“New spaces, activities and challenges: village kids in the library”

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Bridging Worlds Conference 2008, Singapore
Day Two Track Three
Speaker 2 - Liddy Nevile

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“New spaces, activities and challenges: village kids in the library”

  1. 1. New Spaces, Activities And Challenges: Village Kids In The Library Liddy NEVILE University of Tsukuba/La Trobe University liddy@sunriseresearch.org Abstract The great thing about humans is that they respond and act in the moment. The great thing about standards is that they offer stability and predictability, which also means interoperability. Librarians and library standards; users and tags; cheese and chalk, what is the best metaphor? Quantity has qualities to be exploited but at what price? We harnessed the early waves of Web content with metadata and now we need to harness the waves of metadata. Social tagging is proving to be very contextual, as is the traditional librarian’s advice. Is it time to recognize a role for the Semantic Web, to engage more with the ‘webbing’ that holds the content and provides the environment for the users? Is the webbing likely to be capable of offering the contextualisation we need? Introduction In this paper, I adopt the terminology of the future-smart thinker Kevin Kelly and anticipate the ‘one’. The one is where we are headed with all our technologies, according to Kelly (2007). He considers that as we embed more in what is now the Web of technology, we are actually developing a single, enormous system. It is where we will find what we have and where we will be found. No longer will we be knitting and linking and making the Web, we will be it, connected. In this paper, I luxuriate in the opportunity to play with new ideas in the emerging technological context. I want to start with some scenarios and see if we can deduce from them some of the big questions for future libraries. I hope I can bring all the threads together by the end of the paper. Scholarly or academic? My first point of concern was brought to mind recently by the following: (1) Do not conflate the question of what to CITE -- that is always the canonical published work itself, if the work is published -- with the question of what version of it you managed to ACCESS. (2) If you cannot afford access to the publisher's proprietary version, then you access the OA version deposited in the OA Repository, but you always cite the published work (and, preferentially, add the URL of the accessed version too). That's it. (Harnad, 2008) This is a response to a typical question raised by the new publishing medium. In a traditional library, it would be the book, freely available on a shelf, with a page on which the material being cited was firmly located. Today,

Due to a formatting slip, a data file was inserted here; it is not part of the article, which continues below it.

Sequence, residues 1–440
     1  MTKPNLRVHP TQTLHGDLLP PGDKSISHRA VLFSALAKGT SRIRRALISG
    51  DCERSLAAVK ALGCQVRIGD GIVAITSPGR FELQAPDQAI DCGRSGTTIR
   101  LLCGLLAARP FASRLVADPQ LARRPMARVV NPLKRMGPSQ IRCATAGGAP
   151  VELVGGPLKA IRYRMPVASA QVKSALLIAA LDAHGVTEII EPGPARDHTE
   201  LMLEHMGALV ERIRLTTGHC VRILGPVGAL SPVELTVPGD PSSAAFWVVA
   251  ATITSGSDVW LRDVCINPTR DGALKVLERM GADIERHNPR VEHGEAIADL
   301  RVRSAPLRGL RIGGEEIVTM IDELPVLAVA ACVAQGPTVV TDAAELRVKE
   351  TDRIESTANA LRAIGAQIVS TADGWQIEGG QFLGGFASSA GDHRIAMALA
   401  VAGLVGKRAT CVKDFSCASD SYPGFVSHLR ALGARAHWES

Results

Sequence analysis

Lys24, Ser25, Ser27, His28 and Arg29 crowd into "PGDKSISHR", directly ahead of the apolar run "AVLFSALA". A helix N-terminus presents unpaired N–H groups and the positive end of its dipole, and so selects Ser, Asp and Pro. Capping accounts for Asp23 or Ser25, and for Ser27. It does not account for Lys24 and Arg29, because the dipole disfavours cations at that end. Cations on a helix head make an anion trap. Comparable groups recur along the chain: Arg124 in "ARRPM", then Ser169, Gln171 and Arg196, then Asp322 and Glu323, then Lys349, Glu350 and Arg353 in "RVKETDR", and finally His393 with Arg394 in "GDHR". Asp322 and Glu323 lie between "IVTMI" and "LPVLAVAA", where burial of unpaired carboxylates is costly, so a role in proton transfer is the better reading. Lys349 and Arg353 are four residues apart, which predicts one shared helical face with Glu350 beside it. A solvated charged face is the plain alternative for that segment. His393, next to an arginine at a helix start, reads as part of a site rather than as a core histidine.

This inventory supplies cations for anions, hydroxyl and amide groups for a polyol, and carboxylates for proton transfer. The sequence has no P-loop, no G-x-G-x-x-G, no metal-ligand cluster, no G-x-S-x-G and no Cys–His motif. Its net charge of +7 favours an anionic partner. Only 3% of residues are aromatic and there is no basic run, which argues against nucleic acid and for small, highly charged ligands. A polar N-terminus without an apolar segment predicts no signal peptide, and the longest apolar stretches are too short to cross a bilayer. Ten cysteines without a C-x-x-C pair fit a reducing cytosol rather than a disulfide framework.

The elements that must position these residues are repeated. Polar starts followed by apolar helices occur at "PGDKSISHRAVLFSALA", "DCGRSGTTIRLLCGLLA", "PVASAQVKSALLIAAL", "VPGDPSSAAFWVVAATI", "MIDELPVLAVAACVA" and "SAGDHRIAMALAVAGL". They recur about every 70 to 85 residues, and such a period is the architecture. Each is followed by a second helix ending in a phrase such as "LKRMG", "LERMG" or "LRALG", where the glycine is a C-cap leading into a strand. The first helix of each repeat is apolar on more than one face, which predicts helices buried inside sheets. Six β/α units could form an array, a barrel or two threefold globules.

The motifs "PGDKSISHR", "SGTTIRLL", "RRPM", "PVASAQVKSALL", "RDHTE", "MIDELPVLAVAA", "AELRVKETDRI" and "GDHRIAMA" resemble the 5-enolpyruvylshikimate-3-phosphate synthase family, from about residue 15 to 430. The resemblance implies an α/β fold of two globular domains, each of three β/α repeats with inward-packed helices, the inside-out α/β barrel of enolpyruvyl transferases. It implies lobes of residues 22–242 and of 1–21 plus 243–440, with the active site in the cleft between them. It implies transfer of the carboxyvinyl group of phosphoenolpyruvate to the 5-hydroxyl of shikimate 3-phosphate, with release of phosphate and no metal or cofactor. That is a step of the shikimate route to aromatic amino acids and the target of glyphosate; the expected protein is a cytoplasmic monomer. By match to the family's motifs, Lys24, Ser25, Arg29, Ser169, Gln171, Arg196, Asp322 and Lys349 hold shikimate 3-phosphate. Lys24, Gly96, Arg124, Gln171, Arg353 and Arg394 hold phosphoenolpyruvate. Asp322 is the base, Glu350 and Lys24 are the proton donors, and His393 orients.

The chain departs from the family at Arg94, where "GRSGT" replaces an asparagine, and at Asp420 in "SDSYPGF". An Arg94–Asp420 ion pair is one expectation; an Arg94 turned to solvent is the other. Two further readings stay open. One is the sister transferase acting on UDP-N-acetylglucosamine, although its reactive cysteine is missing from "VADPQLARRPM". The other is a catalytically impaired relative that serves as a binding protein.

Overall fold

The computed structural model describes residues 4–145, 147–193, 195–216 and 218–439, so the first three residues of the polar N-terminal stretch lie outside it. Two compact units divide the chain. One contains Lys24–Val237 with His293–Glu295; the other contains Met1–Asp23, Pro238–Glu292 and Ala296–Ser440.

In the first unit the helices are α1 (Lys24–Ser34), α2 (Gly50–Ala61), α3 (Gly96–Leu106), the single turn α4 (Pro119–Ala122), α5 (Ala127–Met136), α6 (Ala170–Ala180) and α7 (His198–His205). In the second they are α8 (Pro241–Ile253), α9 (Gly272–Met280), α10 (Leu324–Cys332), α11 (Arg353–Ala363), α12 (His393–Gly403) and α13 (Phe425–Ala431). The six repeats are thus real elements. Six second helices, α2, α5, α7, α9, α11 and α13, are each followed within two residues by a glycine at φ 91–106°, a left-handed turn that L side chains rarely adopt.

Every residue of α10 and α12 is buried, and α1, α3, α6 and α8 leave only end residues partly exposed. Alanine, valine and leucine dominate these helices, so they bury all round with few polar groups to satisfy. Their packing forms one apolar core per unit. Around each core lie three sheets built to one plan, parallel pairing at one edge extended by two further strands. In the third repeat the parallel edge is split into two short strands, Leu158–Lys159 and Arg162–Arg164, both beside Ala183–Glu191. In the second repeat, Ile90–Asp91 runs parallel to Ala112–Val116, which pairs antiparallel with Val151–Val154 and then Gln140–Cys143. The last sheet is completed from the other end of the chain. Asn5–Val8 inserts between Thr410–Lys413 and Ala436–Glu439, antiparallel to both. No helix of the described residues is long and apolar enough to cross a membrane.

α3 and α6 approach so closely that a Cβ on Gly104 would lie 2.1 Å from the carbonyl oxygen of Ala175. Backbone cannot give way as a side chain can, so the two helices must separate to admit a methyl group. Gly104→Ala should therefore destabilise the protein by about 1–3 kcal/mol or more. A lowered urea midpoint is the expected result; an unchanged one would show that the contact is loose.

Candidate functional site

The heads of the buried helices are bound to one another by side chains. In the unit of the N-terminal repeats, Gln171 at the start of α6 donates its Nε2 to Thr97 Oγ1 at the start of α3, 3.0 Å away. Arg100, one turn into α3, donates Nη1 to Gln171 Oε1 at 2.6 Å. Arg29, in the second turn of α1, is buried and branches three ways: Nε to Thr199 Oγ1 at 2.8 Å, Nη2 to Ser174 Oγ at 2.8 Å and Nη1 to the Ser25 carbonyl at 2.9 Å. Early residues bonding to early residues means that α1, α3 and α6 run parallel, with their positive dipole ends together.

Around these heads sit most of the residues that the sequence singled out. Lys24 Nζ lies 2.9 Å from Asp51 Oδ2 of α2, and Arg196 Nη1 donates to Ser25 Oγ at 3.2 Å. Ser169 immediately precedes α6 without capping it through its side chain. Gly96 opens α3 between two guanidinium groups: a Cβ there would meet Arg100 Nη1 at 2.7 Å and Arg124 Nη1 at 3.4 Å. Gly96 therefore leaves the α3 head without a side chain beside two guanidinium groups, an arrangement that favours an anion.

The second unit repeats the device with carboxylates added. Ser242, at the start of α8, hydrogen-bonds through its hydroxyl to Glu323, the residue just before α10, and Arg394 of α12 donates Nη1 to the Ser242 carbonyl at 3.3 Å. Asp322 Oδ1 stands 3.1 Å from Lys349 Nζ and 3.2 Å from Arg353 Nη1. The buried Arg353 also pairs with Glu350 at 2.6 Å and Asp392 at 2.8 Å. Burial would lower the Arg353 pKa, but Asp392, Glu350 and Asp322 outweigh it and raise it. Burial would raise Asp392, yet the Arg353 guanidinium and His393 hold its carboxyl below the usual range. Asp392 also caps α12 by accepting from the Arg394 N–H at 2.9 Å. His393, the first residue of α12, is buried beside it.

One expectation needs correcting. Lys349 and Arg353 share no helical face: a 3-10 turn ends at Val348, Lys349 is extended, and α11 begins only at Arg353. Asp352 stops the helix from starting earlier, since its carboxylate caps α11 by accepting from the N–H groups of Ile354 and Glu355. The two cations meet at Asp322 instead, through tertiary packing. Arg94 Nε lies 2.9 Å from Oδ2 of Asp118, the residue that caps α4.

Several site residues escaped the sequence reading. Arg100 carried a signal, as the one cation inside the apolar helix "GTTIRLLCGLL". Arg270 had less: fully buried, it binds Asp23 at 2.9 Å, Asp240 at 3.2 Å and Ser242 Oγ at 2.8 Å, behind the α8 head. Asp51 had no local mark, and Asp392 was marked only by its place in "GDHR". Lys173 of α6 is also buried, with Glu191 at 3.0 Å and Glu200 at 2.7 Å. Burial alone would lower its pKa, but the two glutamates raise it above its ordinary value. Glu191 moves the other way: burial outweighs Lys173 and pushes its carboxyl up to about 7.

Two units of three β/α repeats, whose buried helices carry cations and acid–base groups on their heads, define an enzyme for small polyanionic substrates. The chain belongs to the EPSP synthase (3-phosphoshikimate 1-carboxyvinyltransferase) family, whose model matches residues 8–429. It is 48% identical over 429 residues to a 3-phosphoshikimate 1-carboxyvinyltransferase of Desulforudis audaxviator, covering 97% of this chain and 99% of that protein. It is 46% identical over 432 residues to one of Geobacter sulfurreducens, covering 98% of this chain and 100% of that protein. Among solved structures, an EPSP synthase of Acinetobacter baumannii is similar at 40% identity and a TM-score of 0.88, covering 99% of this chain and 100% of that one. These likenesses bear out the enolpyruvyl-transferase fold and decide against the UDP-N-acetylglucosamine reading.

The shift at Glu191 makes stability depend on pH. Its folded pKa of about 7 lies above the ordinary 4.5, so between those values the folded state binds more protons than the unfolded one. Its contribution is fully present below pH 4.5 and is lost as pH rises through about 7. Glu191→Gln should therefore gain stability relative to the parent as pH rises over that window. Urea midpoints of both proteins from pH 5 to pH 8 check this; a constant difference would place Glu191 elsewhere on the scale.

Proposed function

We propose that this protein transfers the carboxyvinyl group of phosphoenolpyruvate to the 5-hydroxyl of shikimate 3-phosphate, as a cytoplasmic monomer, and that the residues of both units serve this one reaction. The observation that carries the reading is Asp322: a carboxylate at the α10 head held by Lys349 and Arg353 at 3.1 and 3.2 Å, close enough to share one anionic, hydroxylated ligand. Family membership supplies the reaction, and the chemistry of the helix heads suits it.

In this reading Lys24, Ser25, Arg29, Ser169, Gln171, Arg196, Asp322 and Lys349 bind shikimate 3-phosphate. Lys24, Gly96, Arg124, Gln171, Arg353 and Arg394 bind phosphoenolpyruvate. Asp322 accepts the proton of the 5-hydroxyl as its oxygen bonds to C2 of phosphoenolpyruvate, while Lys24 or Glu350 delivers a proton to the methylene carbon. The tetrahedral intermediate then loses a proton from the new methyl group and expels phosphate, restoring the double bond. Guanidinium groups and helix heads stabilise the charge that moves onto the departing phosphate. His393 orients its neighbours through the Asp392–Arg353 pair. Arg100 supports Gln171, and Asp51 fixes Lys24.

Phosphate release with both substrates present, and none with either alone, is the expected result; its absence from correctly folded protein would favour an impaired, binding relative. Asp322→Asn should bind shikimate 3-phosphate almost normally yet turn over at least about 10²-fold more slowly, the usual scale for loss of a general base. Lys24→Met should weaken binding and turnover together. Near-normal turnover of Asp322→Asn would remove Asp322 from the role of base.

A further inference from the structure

2. 2. publication is repeated across versions; there are questions of authority and access rights, and there are problems with perceptual accessibility, especially for people with permanent disabilities. What is ‘published’? The original legal definitions are challenged by practices on the Web in which authors make content available, sometimes in seemingly formal ways such as on orderly Web sites, only to find they are accessed through reproduction, via ‘back door’ locators such as Google, or otherwise. There is a challenge for content creators, especially modern ‘scholars,’ when many of the authors of interest give immediate access to their thoughts and work, avoiding the traditional slow ‘quality’ review processes. They want their work published and disseminated so they make it available for free. An online article or blog posting is usually published with facilities for immediate discussion and criticism. This can be contrasted with the publication of an academic paper. Which is more scholarly? Not all libraries are concerned with what might be called scholarly works, but they are all concerned with quality, and that is at issue here. This is just one way in which quantity is replacing quality. There is a serious question about the quality of quantity raised in this context. Scratch Scratch is, at one level, a programming language for children. It provides simple facilities for the programming of media through the use of Lego-like blocks of code that click together if syntactically appropriate. Scratch was designed originally for use by under-served children in informal learning contexts, such as after-school computer clubs. It aims to attract at least children in the age range 8 to 14. In fact, the Scratch community is a global online community of approximately 160,000 currently registered participants. Their ages range from very young to quite old and the community includes expert computer scientists and programmers but mostly those for whom it was intended. Scratch users download a free programming language and build interactive animations that they ‘share’ by publishing them on the Scratch Web site, often without saving them on their own computers. Use of the Web site is an integral part of the Scratch experience. As its originator Mitchel Resnick (2008) says, quot;Scratch makes it easy to